Just when you think you have it all figured out as a parent and your baby is sleeping on a consistent schedule, a new unfamiliar issue pops up which for some reason changes their normal sleep cycle. Hello to the world of sleep regressions. It’s not often talked about, but at times, it may seem like the toughest battle yet.
There are certain periods in a baby’s life where sleep patterns start to become troublesome. They become fussy and start suffering from sleep deprivation. These situations can arise every few months as the baby is growing up. Once you’re pretty sure that it’s not from another cause (illness, ear infection, etc.), there’s a good chance that what your baby is going through is actually a sleep regression. While waking up throughout the night or not having “break” time due to skipped or shortened naps is tough on a parent, it’s just as difficult on the baby. The rest of this article goes into what exactly a sleep regression period is, why it happens, and offers some tips to help both child and parent through the stage.
What is sleep regression?
Many call it such, but some believe the name is a misnomer or myth. In some ways, it feels that as if the baby is regressing in his or her sleep habits counter to the parents’ hopes for a few nights of peace and quiet.
Babies tend to start developing better sleeping habits within the first few months after birth. Soon, parents are hopeful that they can actually go through an entire night of sleeping without disturbing anyone. Alas, that isn’t the case and there comes a period when the baby’s sleep habits seem to go backwards.
During these periods, babies become fussy partially because they are sleeping less. They become more clingy and only want their mother. Babies also want to be nursed more.
Why do sleep regressions happen?
The regressions usually happen when there is a development in a baby’s progress such as when they start rolling around or crawling about. The cognitive growth of the baby spurs these regression moments because the baby’s mind is wired to start learning new skills at a rapid rate. While babies do learn fast, they also can get easily frustrated. As a result, that can affect their sleeping habits.
In some ways, babies are undergoing somewhat of a growth spurt though is has more to do with learning new things. As a result, they need more food and energy and require more nursing. Their minds a bit more active. But, since they haven’t learned patience, that leads to frustration and it is difficult for even adults to get sleep when they are overcome with frustration.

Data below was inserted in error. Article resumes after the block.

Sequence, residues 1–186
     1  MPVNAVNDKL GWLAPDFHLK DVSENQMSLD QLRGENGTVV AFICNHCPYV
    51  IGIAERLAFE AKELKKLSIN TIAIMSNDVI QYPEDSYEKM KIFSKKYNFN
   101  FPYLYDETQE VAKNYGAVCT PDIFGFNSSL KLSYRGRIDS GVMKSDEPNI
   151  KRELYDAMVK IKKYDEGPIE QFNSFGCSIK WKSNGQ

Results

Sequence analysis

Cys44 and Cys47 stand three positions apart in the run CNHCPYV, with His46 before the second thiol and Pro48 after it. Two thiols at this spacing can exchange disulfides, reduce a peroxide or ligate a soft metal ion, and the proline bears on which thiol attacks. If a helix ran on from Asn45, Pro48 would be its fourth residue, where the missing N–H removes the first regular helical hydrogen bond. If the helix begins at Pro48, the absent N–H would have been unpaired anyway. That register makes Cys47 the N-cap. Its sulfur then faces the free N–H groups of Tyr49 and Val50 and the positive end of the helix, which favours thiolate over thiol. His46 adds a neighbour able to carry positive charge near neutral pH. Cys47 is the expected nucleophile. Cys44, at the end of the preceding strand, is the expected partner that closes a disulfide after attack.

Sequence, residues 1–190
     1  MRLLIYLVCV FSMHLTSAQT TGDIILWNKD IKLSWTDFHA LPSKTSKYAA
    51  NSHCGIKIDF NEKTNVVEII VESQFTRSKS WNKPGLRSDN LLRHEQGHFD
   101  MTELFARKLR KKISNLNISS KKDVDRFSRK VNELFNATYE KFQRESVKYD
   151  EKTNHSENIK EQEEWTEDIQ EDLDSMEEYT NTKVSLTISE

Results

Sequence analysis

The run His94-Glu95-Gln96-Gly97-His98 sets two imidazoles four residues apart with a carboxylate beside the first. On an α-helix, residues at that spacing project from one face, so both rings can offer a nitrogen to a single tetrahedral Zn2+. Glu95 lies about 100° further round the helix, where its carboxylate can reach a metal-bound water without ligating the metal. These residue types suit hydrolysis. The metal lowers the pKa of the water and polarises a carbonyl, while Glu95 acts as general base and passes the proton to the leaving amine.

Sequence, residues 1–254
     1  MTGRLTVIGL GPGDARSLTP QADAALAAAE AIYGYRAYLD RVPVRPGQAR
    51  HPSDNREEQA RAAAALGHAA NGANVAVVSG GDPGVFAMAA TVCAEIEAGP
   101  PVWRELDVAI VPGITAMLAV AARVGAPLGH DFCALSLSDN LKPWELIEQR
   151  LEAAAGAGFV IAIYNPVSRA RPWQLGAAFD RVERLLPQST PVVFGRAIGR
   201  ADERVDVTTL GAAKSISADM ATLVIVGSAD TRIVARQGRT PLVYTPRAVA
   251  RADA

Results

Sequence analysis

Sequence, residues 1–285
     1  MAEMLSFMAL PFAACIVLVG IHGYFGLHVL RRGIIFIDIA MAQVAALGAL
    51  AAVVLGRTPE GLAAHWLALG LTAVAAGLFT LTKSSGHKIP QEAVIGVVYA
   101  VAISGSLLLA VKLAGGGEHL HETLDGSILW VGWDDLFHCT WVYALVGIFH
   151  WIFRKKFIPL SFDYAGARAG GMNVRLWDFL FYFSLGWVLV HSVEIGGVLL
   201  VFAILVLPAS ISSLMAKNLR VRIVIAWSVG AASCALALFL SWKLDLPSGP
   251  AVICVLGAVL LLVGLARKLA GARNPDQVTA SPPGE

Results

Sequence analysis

Some regressions come as early as five or six weeks from birth. Others can be as late as 24 months. However, usually there are only a few to deal with for each baby.
3-4 Month Sleep Regression
Usually around the 5-6 week mark, a baby’s growth spurt might lead to their first sleep regression period. However, the 3 or 4 month sleep regression is the first major instance. In addition to a growth spurt, a baby’s mind is quickly starting to develop. They become increasingly aware of their surroundings and start learning and analyzing in the process. Many of the sleep tricks you’ve probably used earlier on no longer work at this point. Instead of holding and rocking the baby to sleep or putting him and her at the sleeping spot, they become more active.
This is the point where the baby goes from sleeping all the time to cycling through light and deep sleep like the rest of us. This means shorter nap periods and a lot of nighttime wake-ups. However, babies now need help getting back to sleep again.
In terms of activeness, babies start to roll around. They sometimes get stuck on their back or on their tummies while rolling. This causes them to become more irritable. Getting them comfortable on their tummies is an important part at this stage.
Sleep regressions are still only temporary, so the key is to get the baby back on the proper sleep path. Don’t panic when it hits. Be willing to take a step back such as going back to a pacifier or a swing to calm the baby down. However, these are only temporary solutions.